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Visualizing MNIST: An Exploration of Dimensionality Reduction - colah's blog

#artificialintelligence

At some fundamental level, no one understands machine learning. It isn't a matter of things being too complicated. Almost everything we do is fundamentally very simple. Unfortunately, an innate human handicap interferes with us understanding these simple things. Humans evolved to reason fluidly about two and three dimensions. With some effort, we may think in four dimensions. Machine learning often demands we work with thousands of dimensions – or tens of thousands, or millions! Even very simple things become hard to understand when you do them in very high numbers of dimensions. Reasoning directly about these high dimensional spaces is just short of hopeless.


Visualizing MNIST: An Exploration of Dimensionality Reduction - colah's blog

#artificialintelligence

At some fundamental level, no one understands machine learning. It isn't a matter of things being too complicated. Almost everything we do is fundamentally very simple. Unfortunately, an innate human handicap interferes with us understanding these simple things. Humans evolved to reason fluidly about two and three dimensions. With some effort, we may think in four dimensions.


Deep Learning, NLP, and Representations - colah's blog

#artificialintelligence

In the last few years, deep neural networks have dominated pattern recognition. They blew the previous state of the art out of the water for many computer vision tasks. Voice recognition is also moving that way. But despite the results, we have to wonder… why do they work so well? In doing so, I hope to make accessible one promising answer as to why deep neural networks work. I think it's a very elegant perspective. A neural network with a hidden layer has universality: given enough hidden units, it can approximate any function. This is a frequently quoted – and even more frequently, misunderstood and applied – theorem.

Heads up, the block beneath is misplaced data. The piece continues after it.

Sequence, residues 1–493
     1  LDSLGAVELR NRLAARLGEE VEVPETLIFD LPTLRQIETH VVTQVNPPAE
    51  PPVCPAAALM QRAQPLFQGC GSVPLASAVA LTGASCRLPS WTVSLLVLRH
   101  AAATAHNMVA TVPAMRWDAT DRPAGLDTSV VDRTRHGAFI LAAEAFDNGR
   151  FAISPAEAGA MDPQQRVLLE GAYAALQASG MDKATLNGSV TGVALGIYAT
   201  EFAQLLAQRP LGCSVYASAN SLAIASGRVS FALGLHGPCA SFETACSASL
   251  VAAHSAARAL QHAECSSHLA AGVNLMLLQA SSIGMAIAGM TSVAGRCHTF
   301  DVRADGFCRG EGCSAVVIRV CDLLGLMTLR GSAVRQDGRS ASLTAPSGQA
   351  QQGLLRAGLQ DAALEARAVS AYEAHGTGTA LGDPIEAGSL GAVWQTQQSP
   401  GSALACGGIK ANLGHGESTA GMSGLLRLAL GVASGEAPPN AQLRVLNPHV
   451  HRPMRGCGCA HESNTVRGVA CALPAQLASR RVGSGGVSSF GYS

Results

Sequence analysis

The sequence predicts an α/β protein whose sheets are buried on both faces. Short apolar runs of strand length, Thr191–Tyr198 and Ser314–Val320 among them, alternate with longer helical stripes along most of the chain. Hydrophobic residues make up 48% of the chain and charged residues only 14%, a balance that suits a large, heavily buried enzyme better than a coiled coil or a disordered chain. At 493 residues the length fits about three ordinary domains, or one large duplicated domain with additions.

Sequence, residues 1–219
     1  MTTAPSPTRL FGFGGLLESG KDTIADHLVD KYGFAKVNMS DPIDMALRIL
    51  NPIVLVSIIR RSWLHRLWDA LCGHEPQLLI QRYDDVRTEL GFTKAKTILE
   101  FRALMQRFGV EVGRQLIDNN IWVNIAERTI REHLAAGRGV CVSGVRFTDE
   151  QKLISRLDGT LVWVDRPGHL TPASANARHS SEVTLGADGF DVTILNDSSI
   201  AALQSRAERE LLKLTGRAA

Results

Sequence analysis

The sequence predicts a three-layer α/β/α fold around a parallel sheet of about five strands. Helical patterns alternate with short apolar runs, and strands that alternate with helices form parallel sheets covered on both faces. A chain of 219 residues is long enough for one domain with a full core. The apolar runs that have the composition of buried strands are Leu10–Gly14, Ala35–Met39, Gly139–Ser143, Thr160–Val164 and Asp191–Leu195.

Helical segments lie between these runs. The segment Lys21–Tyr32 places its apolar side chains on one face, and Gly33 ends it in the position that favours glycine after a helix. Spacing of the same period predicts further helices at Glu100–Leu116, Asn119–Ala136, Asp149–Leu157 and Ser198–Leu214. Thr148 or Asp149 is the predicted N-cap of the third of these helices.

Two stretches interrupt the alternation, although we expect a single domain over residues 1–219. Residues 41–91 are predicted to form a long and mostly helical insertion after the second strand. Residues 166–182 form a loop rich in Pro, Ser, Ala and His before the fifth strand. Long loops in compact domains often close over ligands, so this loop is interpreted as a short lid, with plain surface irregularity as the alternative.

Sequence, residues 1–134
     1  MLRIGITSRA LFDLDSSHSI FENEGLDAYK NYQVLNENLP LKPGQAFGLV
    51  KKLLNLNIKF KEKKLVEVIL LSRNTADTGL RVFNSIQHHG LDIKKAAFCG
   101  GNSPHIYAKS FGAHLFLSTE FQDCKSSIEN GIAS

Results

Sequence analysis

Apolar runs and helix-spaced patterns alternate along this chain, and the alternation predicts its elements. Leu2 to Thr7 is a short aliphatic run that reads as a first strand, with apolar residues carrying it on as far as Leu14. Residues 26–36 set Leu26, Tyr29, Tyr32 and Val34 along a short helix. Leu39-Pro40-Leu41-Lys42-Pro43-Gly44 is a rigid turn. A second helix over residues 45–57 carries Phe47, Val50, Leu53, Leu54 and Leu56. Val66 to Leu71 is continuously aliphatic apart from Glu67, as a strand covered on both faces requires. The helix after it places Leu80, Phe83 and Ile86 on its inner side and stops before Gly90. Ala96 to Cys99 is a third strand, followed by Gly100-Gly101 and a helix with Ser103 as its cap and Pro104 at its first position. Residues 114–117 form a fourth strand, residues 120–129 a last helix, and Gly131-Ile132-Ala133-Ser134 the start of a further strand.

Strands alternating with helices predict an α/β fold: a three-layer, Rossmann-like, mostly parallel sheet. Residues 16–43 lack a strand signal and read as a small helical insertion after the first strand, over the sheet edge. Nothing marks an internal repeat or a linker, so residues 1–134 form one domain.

Deep Learning, NLP, and Representations - colah's blog

#artificialintelligence

In the last few years, deep neural networks have dominated pattern recognition. They blew the previous state of the art out of the water for many computer vision tasks. Voice recognition is also moving that way. But despite the results, we have to wonder… why do they work so well? In doing so, I hope to make accessible one promising answer as to why deep neural networks work. I think it's a very elegant perspective. A neural network with a hidden layer has universality: given enough hidden units, it can approximate any function.


Deep Learning, NLP, and Representations - colah's blog

#artificialintelligence

In the last few years, deep neural networks have dominated pattern recognition. They blew the previous state of the art out of the water for many computer vision tasks. Voice recognition is also moving that way. But despite the results, we have to wonder… why do they work so well? In doing so, I hope to make accessible one promising answer as to why deep neural networks work. I think it's a very elegant perspective. A neural network with a hidden layer has universality: given enough hidden units, it can approximate any function. This is a frequently quoted – and even more frequently, misunderstood and applied – theorem.